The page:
So if a scenario writer describes a task as Nearly Impossible he or she is telling you something quite concrete about what the resistance would be in your game.
The key is to understand what purpose this encounter has in your narrative. If the fight with the guards is supposed to be tough then you make the resistance Hard for example.
That makes it easy for scenario writers to tell you something about the relative difficulty they expect from confronting an npc or overcoming an obstacle.
The pass/fail cycle allows you to set that resistance (hard, very hard etc) in the absence of other information i.e. your notes, feeling about what seems right, etc.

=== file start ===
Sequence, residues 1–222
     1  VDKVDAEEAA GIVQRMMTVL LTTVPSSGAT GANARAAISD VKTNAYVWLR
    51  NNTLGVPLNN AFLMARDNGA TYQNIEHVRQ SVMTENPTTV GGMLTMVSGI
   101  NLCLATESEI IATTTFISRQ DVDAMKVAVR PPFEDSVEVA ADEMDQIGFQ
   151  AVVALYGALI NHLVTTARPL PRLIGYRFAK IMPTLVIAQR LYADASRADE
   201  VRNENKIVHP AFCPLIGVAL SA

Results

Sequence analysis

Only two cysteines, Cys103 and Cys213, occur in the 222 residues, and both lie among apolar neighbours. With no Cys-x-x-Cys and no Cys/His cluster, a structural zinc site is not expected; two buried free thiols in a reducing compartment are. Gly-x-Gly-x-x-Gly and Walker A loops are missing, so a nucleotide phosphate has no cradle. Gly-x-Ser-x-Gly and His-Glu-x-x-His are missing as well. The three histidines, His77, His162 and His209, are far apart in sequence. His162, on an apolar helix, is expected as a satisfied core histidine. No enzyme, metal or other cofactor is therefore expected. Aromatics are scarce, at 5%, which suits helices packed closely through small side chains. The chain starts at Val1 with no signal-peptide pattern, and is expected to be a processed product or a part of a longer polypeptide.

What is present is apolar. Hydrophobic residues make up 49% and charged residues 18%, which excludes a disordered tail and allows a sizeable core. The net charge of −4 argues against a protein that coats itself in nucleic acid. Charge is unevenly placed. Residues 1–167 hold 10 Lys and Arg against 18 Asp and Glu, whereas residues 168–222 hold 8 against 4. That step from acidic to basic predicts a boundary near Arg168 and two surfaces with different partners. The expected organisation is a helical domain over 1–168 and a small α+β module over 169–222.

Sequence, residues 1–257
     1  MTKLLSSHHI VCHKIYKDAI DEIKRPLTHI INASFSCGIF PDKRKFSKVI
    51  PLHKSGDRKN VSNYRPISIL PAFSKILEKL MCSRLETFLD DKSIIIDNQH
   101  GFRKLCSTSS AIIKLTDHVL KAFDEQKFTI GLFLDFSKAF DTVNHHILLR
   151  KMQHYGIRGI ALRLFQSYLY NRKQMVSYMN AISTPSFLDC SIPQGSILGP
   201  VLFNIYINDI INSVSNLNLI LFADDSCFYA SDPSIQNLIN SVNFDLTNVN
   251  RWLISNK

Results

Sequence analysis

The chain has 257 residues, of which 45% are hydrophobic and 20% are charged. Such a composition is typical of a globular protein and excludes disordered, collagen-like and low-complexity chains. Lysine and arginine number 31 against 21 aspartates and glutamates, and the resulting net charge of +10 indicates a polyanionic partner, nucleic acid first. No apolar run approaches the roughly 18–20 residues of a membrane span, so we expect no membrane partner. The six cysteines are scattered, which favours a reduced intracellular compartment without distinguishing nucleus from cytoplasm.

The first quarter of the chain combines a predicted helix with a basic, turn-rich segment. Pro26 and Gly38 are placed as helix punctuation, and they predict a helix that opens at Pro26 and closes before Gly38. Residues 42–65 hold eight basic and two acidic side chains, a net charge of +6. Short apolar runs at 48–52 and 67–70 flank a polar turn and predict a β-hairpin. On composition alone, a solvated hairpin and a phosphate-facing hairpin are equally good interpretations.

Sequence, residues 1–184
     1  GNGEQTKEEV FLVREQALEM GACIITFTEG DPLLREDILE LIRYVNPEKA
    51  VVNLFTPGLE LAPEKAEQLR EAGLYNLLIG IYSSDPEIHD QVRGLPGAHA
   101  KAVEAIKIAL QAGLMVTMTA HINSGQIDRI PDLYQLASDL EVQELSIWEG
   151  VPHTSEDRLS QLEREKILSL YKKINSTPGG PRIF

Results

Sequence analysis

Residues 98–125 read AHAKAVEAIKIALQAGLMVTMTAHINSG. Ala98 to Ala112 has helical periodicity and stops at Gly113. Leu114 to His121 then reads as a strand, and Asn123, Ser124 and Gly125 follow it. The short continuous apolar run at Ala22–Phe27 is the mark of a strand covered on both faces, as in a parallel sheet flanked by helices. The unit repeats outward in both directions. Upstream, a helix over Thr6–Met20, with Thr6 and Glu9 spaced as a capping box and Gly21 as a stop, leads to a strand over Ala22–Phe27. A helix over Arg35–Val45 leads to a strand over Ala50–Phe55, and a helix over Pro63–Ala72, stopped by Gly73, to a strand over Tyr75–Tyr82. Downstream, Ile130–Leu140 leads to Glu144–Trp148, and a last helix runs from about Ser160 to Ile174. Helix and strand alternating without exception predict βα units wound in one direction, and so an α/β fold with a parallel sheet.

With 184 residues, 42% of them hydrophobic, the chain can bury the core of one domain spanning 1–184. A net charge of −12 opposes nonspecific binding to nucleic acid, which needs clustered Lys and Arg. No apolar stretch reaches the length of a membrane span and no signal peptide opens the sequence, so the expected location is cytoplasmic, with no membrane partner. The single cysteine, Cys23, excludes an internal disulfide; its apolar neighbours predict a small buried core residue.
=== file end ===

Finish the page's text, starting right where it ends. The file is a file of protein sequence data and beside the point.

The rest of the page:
So the lack of stats is about a move to relative resistances not absolute ones, so as to indicate story intent. In other words if I say 'fighting with Harrek has a Nearly Impossible resistance', I'm likely indicating that such a strategy ought to fail.
Out of interest, we tend to use the pass/fail cycle as our driver for most resistances. We don't tend to have a 'story' prepped for a session, so we tend to be guided more heavily by the flow of events. The pass/fail cycle helps us track the rise and fall of fortune. It has been an enormously helpful tool in our games.
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